Traumatic Brain Injury: Imaging Patterns and Complications.

@article{Schweitzer2019TraumaticBI,
  title={Traumatic Brain Injury: Imaging Patterns and Complications.},
  author={Andrew D Schweitzer and Sumit N. Niogi and Christopher J Whitlow and A. John Tsiouris},
  journal={Radiographics : a review publication of the Radiological Society of North America, Inc},
  year={2019},
  volume={39 6},
  pages={
          1571-1595
        }
}
  • A. SchweitzerS. Niogi A. Tsiouris
  • Published 1 October 2019
  • Medicine
  • Radiographics : a review publication of the Radiological Society of North America, Inc
While the diagnosis of traumatic brain injury (TBI) is a clinical decision, neuroimaging remains vital for guiding management on the basis of identification of intracranial pathologic conditions. CT is the mainstay of imaging of acute TBI for both initial triage and follow-up, as it is fast and accurate in detecting both primary and secondary injuries that require neurosurgical intervention. MRI is more sensitive for the detection of certain intracranial injuries (eg, axonal injuries) and blood… 

Traumatic Brain Injury: Radiological Findings and Clinical Outcome

This review talks about the principal imaging investigations in traumatic brain injury (TBI) and focuses on the major brain lesions and their imaging appearance with also reference to the most recent techniques that can correlate with prognosis.

The Prognostic Role of Magnetic Resonance Imaging Biomarkers in Mild Traumatic Injury.

A prospective multicenter observational study that included patients from the Collaborative European NeuroTrauma Effectiveness Research in Traumatic Brain Injury (CENTER-TBI) to study the association of white matter changes detected on diffusion tensor imaging (DTI) with persistent symptoms after mild TBI finds that cerebral white matter volume decreased and ventricular and cerebral spinal fluid volume increased after injury in Mild TBI compared with controls.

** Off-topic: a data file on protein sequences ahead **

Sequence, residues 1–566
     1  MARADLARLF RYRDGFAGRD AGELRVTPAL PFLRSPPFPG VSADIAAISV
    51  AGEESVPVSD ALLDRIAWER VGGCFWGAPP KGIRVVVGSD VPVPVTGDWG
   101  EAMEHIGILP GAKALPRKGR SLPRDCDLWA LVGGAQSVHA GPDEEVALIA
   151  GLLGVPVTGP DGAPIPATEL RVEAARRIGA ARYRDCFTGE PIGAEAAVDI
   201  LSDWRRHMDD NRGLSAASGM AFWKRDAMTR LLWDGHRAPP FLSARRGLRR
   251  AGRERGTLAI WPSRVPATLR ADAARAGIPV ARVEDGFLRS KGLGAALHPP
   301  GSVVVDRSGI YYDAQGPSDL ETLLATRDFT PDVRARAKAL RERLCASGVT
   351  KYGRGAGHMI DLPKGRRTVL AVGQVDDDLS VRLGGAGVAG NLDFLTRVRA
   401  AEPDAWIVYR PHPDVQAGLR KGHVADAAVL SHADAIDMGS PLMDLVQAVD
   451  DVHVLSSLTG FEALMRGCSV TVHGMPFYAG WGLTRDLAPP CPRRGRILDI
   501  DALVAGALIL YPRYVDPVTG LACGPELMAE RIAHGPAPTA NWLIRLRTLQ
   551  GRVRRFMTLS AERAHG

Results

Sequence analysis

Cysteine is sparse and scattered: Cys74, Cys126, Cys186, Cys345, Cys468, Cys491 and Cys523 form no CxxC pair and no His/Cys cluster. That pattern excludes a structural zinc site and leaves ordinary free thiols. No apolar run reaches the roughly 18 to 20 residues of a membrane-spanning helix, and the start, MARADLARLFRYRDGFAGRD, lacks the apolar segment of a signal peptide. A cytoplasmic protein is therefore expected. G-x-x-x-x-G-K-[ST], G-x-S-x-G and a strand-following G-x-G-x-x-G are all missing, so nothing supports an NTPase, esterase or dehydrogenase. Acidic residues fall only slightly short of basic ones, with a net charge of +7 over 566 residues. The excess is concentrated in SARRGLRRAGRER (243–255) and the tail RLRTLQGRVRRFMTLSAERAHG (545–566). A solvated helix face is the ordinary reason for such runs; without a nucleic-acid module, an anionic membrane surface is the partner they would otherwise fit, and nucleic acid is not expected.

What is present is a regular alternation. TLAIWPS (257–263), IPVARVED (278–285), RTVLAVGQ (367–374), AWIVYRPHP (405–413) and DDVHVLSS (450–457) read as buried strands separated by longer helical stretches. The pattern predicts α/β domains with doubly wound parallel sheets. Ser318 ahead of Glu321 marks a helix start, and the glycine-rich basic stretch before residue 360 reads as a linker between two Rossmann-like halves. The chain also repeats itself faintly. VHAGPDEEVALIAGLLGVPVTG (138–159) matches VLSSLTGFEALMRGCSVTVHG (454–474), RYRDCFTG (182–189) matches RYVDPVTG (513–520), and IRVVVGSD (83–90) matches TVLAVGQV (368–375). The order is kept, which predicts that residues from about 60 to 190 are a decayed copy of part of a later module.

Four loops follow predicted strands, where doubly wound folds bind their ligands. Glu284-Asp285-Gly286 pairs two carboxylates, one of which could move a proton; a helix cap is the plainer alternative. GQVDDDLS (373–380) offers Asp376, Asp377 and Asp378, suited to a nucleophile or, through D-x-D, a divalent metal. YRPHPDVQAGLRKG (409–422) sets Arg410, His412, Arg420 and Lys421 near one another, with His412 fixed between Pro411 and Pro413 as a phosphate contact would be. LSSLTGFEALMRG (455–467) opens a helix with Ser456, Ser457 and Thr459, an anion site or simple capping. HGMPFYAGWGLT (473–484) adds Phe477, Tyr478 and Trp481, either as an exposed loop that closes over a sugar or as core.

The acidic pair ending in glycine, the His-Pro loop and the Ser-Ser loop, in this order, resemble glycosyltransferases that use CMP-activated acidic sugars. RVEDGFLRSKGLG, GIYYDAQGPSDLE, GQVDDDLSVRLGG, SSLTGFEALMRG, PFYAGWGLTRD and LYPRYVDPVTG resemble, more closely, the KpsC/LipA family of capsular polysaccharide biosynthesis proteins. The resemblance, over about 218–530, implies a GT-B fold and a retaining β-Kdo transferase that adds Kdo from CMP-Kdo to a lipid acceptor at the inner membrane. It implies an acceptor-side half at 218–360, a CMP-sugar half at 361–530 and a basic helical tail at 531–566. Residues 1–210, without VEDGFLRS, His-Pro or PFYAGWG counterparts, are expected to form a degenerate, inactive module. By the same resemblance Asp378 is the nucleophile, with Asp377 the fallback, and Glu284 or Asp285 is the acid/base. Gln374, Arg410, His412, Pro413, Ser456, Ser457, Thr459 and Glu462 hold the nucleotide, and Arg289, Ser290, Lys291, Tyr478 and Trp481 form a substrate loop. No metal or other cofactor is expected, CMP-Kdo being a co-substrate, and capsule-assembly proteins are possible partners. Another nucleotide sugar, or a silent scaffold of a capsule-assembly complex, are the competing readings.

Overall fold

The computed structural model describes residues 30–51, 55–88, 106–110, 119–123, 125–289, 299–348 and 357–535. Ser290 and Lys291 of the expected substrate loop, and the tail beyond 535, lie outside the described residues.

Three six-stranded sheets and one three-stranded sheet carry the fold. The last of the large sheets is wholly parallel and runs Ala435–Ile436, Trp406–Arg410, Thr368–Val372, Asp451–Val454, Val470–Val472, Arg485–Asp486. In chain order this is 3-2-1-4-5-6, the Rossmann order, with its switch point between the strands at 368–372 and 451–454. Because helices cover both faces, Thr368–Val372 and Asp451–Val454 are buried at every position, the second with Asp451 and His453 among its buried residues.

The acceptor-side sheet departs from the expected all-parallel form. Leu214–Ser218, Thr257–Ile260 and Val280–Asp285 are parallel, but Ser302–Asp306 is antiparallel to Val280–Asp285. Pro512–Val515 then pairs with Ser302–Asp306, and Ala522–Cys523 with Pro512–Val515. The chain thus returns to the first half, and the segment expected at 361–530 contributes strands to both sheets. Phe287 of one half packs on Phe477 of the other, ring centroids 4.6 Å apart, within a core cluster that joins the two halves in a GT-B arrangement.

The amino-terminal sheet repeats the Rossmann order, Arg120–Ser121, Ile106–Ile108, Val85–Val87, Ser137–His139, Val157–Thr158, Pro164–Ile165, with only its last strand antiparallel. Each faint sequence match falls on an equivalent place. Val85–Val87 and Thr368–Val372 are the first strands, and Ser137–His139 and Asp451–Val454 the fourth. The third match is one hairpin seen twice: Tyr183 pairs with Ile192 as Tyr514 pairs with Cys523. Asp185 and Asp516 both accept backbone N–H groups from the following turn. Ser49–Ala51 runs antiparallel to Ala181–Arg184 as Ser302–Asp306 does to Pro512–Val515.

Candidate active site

Emerging Utility of Applied Magnetic Resonance Imaging in the Management of Traumatic Brain Injury

The scientific basis of functional MRI, diffusion tensor imaging, MR perfusion, and MR spectroscopy, and how they may be clinically implemented to improve the care of TBI patients are discussed.

Prognostic Value of Hemorrhagic Brainstem Injury on Early Computed Tomography: A TRACK-TBI Study

Rec retrospective data on patients from the multicenter prospective Transforming Research and Clinical Knowledge in TBI study suggest two groups of patients with brainstem injuries may exist with divergent recovery potential after TBI, and support the notion that newer CT imaging classification systems may augment traditional clinical measures in identifying those patients with TBI and brain stem injuries that stand a higher chance of favorable outcome.

Radiology and the Treatment of Brain Injury and Disease: Review Article

Primary and metastatic brain tumours are frequently observed in neuroimaging practice and the benefits from using MRI, CT, and PET scans to diagnose brain injuries or diseases, radiologically are investigated.

Postoperative magnetic resonance imaging may predict poor outcome in children with severe traumatic brain injuries who undergo cranial surgery.

The authors' results revealed that DAI-type lesions in the brainstem and evidence of cerebral herniation may indicate a poorer prognosis; however, more studies with larger cohorts are needed to make definitive conclusions.

Mild-to-Moderate Traumatic Brain Injury: A Review with Focus on the Visual System

Treatment and rehabilitation options available to TBI sufferers are inadequate and there is a pressing need for new ways to help these patients to optimize their functioning and maintain productivity and participation in life activities, family and community.